Dynamic sitting, such as fidgeting and desk work, might be associated with health, but remains difficult to identify out of accelerometry data. We examined, in a laboratory study, whether dynamic sitting can be identified out of triaxial activity counts. Among 18 participants (56% men, 27.3 ± 6.5 years), up to 236 counts per minute were recorded in the anteroposterior and mediolateral axes during dynamic sitting using a hip-worn accelerometer. Subsequently, we examined in 621 participants (38% men, 80.0 ± 4.7 years) from the AGES-Reykjavik Study whether dynamic sitting was associated with cardio-metabolic health. Compared to participants who recorded the fewest dynamic sitting minutes (Q1), those with more dynamic sitting minutes had a lower BMI (Q2 = -1.39 (95%CI = -2.33;-0.46); Q3 = -1.87 (-2.82;-0.92); Q4 = -3.38 (-4.32;-2.45)), a smaller waist circumference (Q2 = -2.95 (-5.44;-0.46); Q3 = -3.47 (-6.01;-0.93); Q4 = -8.21 (-10.72;-5.71)), and a lower odds for the metabolic syndrome (Q2 = 0.74 [0.45;1.20] Q3 = 0.58 [0.36;0.95]; Q4 = 0.36 [0.22;0.59]). Our findings suggest that dynamic sitting might be identified using accelerometry and that this behaviour was associated with health. This might be important given the large amounts of time people spend sitting. Future studies with a focus on validation, causation and physiological pathways are needed to further examine the possible relevance of dynamic sitting.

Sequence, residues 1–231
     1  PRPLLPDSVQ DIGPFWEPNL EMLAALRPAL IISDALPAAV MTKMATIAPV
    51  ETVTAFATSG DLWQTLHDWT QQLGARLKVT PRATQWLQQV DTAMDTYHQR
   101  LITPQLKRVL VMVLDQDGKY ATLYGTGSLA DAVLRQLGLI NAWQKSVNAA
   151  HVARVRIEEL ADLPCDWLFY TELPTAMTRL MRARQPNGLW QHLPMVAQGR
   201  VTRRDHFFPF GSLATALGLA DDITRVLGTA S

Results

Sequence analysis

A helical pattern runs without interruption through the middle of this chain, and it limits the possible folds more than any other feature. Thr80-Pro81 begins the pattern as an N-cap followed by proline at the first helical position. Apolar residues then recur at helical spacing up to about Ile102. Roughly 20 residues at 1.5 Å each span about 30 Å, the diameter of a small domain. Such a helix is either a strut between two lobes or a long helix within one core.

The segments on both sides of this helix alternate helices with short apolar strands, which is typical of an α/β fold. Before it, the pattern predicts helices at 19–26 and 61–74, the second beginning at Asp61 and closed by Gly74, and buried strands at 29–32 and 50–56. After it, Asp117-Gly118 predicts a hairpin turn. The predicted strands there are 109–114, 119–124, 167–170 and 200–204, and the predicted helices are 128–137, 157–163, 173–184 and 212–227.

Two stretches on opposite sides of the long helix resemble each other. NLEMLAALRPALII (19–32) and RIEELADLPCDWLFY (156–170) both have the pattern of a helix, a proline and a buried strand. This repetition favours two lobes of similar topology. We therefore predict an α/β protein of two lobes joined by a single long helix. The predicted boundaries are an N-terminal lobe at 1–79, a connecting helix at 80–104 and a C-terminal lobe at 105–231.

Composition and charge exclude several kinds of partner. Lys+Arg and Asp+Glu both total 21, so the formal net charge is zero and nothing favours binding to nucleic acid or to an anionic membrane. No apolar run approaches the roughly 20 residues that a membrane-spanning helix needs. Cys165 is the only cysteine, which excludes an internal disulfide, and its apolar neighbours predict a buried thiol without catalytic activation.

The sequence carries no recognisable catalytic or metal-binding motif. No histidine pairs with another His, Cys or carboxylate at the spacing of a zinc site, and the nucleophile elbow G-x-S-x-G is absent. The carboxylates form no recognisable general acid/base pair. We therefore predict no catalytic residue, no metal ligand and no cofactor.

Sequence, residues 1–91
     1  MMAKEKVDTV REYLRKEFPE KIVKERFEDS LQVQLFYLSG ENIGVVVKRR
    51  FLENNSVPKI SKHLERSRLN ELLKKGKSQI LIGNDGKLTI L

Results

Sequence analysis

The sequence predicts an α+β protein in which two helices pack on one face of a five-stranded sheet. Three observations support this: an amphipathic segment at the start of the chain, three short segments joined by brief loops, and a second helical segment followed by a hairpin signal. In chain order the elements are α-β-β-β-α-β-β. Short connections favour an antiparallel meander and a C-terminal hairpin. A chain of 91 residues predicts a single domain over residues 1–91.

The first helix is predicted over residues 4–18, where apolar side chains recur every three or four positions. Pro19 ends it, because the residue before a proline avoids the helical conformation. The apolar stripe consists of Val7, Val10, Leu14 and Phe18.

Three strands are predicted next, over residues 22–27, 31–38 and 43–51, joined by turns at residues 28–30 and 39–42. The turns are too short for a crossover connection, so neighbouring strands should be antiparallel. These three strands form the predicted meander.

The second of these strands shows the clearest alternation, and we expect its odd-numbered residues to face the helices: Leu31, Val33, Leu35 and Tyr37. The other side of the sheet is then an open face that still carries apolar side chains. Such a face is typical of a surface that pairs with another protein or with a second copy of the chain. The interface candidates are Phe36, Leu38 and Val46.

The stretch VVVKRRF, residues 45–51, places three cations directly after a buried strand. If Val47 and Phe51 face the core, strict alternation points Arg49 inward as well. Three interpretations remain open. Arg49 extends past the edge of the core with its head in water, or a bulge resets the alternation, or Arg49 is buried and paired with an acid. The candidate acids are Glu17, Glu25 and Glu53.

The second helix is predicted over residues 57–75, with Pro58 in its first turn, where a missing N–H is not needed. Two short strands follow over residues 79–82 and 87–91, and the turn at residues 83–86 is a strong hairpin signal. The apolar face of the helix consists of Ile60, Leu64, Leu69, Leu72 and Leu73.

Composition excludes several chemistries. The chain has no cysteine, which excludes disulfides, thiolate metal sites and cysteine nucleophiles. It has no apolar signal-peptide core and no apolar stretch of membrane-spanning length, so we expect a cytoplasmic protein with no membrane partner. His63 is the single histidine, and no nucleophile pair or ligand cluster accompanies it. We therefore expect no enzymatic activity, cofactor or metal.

Keywords: BMI; Dynamic sitting; accelerometry; metabolic syndrome; sedentary behaviour.